Bromelain: Digests protein.
…but I guess what I like about it the most, the one thing that separates it from what you typically see at the store, is the use of essential oils (liquid copals), such as lemon, orange, peppermint, fennel, anise, and ginger. I can tell from the smell and taste, that I’m taking something pretty strong. These oils are known for assisting the digestive system and other processes in the body.
|If I listened to what other sick people were saying………..|
I get a lot of people (especially those in the healthcare field) say the reason I got over Lyme disease is because I’m an athlete. I think if I weren’t an athlete and I was in a doctor’s office and my healthcare providers felt this way, I would feel doomed.
The first LLMD I went to (a VERY well known one), wrote my success off during the first visit. He told me that it was “unlikely” I would go back to professional sports. I remember the dread I felt that day and how everything was ok up until he made that statement. It was crushing. In a nice way, he was kissing me off.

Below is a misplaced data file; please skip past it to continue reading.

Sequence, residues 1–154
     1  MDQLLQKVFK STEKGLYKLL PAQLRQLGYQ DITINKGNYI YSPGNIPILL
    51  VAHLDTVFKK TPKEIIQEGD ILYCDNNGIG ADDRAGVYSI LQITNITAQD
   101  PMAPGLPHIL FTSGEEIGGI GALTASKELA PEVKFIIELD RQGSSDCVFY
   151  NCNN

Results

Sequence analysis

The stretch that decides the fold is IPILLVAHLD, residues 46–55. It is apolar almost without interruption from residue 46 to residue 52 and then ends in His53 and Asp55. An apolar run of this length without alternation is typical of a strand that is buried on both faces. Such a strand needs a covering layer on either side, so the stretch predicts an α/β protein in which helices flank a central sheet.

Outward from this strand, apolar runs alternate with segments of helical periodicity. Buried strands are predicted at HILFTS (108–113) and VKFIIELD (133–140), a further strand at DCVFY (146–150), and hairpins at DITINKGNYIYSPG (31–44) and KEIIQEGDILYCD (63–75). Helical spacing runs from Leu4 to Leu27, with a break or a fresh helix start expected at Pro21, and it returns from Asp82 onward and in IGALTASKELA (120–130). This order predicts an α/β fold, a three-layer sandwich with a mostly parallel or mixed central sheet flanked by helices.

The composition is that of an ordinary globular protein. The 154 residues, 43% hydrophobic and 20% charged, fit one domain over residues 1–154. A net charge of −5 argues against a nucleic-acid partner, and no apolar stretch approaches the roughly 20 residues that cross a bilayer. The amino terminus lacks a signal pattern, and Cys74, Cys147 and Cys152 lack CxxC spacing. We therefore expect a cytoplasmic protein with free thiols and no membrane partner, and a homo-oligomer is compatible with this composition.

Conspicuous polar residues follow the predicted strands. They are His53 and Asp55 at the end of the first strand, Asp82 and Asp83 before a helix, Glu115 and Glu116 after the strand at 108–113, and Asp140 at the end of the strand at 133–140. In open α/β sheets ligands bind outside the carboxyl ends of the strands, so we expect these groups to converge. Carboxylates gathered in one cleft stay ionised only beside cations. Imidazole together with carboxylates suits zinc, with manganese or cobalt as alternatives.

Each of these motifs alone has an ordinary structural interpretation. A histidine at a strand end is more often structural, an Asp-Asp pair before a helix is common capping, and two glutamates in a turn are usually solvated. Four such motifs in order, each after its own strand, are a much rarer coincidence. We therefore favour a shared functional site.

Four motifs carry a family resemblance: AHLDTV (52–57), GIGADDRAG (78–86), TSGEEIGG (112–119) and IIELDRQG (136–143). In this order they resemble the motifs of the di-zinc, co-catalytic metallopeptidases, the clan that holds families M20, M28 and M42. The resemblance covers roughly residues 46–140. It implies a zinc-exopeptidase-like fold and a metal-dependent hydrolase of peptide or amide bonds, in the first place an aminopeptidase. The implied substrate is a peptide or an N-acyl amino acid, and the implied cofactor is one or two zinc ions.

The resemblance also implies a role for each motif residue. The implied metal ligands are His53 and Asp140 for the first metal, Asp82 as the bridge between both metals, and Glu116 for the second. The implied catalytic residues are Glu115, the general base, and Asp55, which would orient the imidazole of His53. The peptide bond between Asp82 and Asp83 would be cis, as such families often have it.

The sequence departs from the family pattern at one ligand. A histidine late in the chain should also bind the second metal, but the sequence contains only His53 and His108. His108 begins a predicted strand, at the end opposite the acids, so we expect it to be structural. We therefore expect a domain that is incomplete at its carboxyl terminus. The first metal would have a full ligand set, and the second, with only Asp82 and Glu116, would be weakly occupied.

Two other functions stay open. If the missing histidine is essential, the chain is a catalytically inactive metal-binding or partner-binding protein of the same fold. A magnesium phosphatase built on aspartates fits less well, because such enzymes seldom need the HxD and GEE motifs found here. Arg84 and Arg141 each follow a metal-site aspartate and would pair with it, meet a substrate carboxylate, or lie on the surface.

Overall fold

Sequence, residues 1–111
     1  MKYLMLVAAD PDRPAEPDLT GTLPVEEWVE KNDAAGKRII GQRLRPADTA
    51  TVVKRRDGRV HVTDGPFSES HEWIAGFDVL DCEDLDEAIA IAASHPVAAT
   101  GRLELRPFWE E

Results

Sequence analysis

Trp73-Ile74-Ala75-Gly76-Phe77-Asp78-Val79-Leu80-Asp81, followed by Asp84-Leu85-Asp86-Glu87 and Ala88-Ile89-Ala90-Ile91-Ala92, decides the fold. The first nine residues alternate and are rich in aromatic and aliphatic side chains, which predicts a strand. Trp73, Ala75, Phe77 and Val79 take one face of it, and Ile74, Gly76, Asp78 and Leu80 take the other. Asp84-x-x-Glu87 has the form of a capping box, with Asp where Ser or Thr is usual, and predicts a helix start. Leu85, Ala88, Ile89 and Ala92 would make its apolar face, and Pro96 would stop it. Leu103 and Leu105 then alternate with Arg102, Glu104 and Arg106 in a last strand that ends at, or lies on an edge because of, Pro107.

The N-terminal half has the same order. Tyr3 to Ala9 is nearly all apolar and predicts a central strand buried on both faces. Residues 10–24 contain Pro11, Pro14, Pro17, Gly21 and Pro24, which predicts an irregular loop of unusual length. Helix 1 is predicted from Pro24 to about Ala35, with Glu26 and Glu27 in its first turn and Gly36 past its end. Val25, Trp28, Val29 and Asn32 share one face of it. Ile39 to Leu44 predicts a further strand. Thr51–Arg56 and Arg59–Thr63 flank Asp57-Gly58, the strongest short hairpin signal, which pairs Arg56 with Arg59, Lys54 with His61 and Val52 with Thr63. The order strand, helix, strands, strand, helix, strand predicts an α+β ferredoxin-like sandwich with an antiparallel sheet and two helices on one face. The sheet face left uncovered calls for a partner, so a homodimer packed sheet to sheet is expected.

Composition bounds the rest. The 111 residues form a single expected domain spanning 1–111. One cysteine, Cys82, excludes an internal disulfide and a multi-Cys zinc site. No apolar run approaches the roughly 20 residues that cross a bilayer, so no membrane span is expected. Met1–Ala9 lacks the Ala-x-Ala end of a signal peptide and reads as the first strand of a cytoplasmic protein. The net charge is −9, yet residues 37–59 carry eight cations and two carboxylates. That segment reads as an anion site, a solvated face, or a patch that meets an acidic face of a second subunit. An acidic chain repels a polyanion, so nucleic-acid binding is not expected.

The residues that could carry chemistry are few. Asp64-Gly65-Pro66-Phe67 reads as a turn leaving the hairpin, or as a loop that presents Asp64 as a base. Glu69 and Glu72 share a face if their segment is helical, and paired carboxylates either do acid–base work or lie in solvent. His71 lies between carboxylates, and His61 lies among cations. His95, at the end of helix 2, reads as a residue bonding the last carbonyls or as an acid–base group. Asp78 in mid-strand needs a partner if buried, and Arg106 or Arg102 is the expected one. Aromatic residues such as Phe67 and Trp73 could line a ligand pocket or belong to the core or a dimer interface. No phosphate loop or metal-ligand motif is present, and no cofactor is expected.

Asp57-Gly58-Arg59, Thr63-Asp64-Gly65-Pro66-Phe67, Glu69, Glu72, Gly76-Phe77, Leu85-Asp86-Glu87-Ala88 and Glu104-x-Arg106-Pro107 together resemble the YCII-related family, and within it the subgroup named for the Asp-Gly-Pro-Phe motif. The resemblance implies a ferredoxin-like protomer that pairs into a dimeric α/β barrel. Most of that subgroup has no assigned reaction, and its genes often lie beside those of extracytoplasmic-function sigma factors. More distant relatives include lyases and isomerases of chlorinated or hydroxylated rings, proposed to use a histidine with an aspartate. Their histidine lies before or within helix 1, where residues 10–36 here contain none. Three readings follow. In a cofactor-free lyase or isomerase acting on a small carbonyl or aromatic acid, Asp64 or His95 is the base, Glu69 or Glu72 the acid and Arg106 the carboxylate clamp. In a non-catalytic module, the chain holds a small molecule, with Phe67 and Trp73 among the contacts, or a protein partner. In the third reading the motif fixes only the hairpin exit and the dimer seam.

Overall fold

The truth is there are a lot of people out there with their own opinion on Lyme disease. If you find yourself ill with anything, only YOUR opinion counts. If you find “support” groups discouraging…don’t go! If you don’t like what your doctor says…leave! It’s a free country (thus far) and only the person who is ill can change his outcome.
It is kind of like having friends or family with drug problems. Only that person can make their mind up to change. You can beat them over the head with an idea, and it’s only when they accept the idea as something that is legitimate and is the truth, that they then can help themselves. Change comes from within.
Had I really taken that doctor’s opinion seriously about my own health, I would never be where I am today. I would not be a top contender in track and field, with a new coach and a new agent. I have resurrected myself in little over a year, from a 5 year FORCED break from Lyme disease. Sure, I was disappointed about what has happened and the care that I never received when I was sick. I had to make my own way, but I did it and so can you.
My feelings on recovery are this: If you’re a good student, have good discipline, have the desire inside to change everything that is making you ill and have an open mind, then there is NO REASON that you can not get healthy. NONE.
See Ya Later, Tick Slayer!